Tropical Cyclone Winston devastates Fiji

Monday 22nd Feb 2016 by the Weather Club

Photo: Locals attempt to go through the wreckage in Ba, a town on Fiji's main island, Viti Levu
Credit: Naziah Ali (Twitter)

Over the weekend Tropical Cyclone Winston, one of the most powerful tropical cyclones to ever hit the South Pacific region has bought widespread destruction to Fiji, resulting in a month long state of disaster being declared. 

The cyclone made landfall on Saturday evening local time, bringing sustained winds of 140mph, and gusts of 200mph. The Fiji Meteorological Service estimated Winston’s central pressure to be around 915mb as it reached Viti Levu, Fiji’s largest island. This year’s strong El Nino event could have also contributed to the storm’s strength, with the ocean temperature around Fiji about 2-3 degrees above normal.

So far, at least 21 people are confirmed dead, with more than 8,100 people currently taking shelter in evacuation centres. Prior to the cyclone’s arrival, 735 evacuation centres were opened, with a curfew imposed, ordering people to stay inside from Saturday evening, to Monday morning. Schools will remain closed for the next week, to allow their continued use as shelters. The main airport, Nadi, has re-opened, however Fiji has more than 100 inhabited islands, with one of the greatest challenges getting emergency supplies to the most remote communities. Widespread flooding has been one of the major issues for the low-lying islands of Fiji, with phone and electricity lines facing widespread disruption.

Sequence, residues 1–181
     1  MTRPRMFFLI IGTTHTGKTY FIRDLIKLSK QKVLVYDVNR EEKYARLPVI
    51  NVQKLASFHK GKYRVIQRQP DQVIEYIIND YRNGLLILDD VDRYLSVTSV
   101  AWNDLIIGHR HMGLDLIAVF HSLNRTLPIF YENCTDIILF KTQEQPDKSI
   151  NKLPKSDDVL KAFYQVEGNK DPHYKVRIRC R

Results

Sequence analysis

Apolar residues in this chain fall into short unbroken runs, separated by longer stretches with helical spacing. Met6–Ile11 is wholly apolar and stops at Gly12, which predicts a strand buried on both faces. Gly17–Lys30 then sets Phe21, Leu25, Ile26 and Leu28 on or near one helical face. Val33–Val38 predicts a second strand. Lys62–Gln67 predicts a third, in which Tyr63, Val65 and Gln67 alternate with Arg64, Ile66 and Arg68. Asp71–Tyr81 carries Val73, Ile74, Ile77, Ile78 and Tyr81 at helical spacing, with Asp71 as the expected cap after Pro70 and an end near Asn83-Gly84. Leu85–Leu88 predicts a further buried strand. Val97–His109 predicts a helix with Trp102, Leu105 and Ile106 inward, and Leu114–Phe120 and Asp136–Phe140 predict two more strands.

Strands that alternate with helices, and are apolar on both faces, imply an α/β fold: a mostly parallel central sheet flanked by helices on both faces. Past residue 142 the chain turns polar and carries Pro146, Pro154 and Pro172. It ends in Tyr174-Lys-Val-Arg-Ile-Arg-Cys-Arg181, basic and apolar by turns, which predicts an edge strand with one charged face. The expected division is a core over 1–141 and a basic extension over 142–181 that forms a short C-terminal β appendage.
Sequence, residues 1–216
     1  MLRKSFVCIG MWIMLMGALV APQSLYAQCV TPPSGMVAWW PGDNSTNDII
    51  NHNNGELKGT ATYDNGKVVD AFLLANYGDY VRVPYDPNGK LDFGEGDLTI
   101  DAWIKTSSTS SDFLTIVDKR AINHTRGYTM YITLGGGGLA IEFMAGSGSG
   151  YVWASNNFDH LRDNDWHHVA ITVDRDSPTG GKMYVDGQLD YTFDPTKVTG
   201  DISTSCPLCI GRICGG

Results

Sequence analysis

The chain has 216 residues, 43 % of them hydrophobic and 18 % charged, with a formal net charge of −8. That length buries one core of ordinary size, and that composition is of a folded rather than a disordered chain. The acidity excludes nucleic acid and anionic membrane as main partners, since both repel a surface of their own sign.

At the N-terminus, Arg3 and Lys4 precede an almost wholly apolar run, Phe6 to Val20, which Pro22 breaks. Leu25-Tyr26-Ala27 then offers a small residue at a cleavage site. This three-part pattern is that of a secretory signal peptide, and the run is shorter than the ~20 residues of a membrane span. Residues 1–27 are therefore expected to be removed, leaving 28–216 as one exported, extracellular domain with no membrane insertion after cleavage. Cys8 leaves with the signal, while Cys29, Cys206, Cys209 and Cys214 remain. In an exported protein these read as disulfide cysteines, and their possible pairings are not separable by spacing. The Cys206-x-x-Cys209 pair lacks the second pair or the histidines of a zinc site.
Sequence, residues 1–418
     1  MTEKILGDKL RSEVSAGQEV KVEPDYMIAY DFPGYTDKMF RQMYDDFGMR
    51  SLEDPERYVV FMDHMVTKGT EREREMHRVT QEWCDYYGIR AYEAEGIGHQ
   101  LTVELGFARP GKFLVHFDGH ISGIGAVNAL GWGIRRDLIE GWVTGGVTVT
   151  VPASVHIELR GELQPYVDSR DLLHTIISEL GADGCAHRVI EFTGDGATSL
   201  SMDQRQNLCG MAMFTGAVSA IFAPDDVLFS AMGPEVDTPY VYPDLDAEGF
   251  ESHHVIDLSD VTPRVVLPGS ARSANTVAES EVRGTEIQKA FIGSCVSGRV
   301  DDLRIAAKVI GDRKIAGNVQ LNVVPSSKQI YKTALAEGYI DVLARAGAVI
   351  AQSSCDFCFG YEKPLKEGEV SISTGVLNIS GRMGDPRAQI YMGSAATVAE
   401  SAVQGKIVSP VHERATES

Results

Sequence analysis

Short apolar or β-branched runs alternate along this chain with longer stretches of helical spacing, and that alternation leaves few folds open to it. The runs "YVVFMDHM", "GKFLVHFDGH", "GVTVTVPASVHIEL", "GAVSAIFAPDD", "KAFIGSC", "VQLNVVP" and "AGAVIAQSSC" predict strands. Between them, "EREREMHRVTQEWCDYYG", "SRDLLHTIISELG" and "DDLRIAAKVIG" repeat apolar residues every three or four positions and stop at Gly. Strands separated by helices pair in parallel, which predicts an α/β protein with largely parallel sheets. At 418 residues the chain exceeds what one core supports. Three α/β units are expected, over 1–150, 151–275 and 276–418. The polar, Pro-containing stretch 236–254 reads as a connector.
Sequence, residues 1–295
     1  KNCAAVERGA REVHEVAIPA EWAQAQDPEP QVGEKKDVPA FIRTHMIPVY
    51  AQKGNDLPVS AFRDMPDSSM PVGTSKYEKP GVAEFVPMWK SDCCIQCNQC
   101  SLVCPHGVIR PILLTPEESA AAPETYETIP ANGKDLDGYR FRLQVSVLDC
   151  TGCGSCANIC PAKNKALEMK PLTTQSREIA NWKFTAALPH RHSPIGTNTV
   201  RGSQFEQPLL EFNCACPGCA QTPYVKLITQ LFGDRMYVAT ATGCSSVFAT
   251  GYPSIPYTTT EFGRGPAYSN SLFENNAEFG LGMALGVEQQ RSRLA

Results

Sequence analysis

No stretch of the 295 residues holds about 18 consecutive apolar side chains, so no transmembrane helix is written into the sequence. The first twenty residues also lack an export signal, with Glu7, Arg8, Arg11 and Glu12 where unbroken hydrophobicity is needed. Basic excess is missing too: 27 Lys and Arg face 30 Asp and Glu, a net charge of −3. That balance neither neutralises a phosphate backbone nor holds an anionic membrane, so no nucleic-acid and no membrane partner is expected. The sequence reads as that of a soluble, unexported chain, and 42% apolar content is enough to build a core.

In the last 35 years, only four other tropical cyclones of Category 4 intensity had tracked within 100 miles of Fiji's largest island (according to NOAA's historical hurricane tracks database). The last to do so was Tropical Cyclone Evan in December 2012. 

As of Tuesday morning (local Pacific time), Winston is currently a Category 4 cyclone lying about 500km west of Fiji. It is forecast to maintain Category 4 status as it tracks south over the next 36 hours, but is expected to then dissipate before reaching any other land masses.